Everything Animals: Police K-9 teams lead the pack
Trooper Bob Giolito and K-9 Mitch apprehend a suspect inside a barn.
K-9 Drager combs a barn for drugs.
A bag of methamphetamine located by K-9 Drager.
K-9 teams practice bite work.
Addison, Vermont - July 26, 2011
Two wanted felons are on the loose in Addison. They have drugs and cash and no desire to be caught by Vermont State Police. But they're no match for the K-9 team.
"State Police K-9 Unit!" Trooper Wayne Godfrey yells at the door of a barn that K-9 Mitch has led the team to. "Come out now or you will get bit! This is your last chance!"
From inside, a sound: "Alright man, don't bite me!"
As Trooper Bob Giolito and K-9 Mitch keep watch, the suspect slowly walks out of the building with his hands up, gets down on his knees and then on his stomach, ready to be cuffed.
But on closer look, the suspect appears to be wearing police officer's clothing. That's because he is, in fact, a police officer and this entire scenario is part of an elaborate training drill for the K-9 teams, one which is only performed four times a year.
Vermont's 18 K-9 officers use this quarterly scenario-based training to keep all their skills sharp, from tracking and apprehending suspects to sniffing out bombs and drugs.
That's the task first assigned to K-9 Drager and his handler, Trooper Richard Slusser. Once the "suspect" surrendered, police searched him and found no drugs. That led them to determine the drugs were hidden somewhere in the barn. Drager combs the barn, sniffing high and low, barking when he smells drugs.
"He was able to locate 108 grams of marijuana in a high find," Trooper Justin Busby says, holding up a bag Drager found perched atop a wire cage.
In addition to the marijuana, K-9 Drager located 25 grams of cocaine, $460 in cash, 78 grams of ecstasy, 50 bags of heroin and 40 grams of crystal methamphetamine. All of the drugs used in these drills were obtained during busts and arrests.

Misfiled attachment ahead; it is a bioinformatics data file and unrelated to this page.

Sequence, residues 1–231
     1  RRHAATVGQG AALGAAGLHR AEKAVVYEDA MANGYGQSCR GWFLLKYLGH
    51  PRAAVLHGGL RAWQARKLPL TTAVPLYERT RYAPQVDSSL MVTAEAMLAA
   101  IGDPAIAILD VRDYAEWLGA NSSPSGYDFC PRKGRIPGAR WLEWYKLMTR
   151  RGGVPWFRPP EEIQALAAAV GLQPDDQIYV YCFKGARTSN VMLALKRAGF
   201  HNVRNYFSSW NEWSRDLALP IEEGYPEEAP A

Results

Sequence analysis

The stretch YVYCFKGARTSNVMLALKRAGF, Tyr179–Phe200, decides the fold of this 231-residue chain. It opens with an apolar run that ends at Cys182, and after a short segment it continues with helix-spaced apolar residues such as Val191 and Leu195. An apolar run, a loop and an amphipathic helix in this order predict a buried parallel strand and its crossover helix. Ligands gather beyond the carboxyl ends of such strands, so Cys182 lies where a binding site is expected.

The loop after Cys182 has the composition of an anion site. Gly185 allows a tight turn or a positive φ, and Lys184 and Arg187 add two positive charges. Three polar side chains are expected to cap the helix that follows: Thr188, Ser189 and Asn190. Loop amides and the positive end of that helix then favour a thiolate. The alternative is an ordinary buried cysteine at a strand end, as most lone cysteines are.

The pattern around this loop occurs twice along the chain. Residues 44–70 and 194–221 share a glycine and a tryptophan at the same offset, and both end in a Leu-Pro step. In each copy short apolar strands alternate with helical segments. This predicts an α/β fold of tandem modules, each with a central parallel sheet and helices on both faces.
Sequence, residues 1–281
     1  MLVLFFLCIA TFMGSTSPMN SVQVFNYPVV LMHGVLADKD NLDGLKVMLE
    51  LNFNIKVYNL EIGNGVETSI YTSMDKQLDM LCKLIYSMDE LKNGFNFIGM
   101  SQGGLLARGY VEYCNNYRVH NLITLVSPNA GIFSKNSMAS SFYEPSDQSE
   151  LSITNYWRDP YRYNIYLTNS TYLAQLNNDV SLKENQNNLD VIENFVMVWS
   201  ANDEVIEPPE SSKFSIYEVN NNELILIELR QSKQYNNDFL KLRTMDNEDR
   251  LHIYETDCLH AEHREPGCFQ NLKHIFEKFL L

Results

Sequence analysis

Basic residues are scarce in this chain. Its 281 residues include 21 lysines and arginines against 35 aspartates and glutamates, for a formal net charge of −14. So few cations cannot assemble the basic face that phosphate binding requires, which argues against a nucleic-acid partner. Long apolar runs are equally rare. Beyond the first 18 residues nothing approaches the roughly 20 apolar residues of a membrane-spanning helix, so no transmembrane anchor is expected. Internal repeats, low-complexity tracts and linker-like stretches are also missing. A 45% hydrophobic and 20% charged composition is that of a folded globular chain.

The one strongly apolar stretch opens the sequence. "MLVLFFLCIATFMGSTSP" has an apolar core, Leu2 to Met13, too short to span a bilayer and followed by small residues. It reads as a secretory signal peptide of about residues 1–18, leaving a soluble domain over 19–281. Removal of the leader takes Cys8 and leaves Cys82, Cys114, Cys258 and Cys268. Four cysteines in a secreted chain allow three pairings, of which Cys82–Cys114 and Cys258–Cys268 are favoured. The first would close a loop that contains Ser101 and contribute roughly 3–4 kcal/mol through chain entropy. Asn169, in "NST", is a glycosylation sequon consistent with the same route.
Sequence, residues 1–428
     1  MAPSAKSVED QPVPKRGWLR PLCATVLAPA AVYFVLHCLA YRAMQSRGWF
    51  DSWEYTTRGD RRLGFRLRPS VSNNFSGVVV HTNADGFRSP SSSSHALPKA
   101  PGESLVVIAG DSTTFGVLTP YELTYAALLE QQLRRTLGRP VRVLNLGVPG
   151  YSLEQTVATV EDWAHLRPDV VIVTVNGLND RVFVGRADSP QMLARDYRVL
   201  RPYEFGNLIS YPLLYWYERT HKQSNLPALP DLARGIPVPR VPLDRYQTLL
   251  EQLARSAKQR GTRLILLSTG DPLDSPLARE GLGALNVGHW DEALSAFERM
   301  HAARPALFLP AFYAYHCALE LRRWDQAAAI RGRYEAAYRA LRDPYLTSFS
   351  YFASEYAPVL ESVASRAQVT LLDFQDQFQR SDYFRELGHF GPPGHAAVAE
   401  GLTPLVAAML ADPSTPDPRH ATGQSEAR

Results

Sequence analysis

State police say these drills are crucial exercises because the skills the dogs are practicing are being put to use more and more every day. That's because the number of cases that K-9's are called out on is growing.
"The reality is we're dealing with more crime scenes," says Lt. Gary Genova, who leads the K-9 teams. "We're dealing with cases that require the use of cadaver dogs more frequently."
To meet that need, state police recently obtained two new dogs that are specially trained to detect human remains. They're currently at work on the case of missing Essex couple Bill and Lorraine Currier, who haven't been seen since June 8.
For K-9s and their handlers every day presents possible dangers. At crime scenes they're usually leading the pack. There are even dangers during routine training, especially when the dogs have to practice apprehending a suspect.
"What we have here is a bite sleeve," Trooper Busby says, holding up a sleeve that feels reinforced with cast iron. "It's a protective training tool we use because, well, for obvious reasons. We don't have any spare arms laying around."
The sleeve is necessary because dogs apprehend suspects using their teeth and they have to practice their bite response.
Vermont's K-9 teams say the reality of working with a dog is that you're on the job around the clock.
"24-7 he is with you," Trooper Slusser says of Drager. "I take a shower, he's right there on the floor. He will not leave my side."
But with that togetherness comes an unshakable bond.
Reporter Rachel Feldman: "What would he do if he saw you being attacked?"
Trooper Slusser: "He would kill himself to save me. Period."
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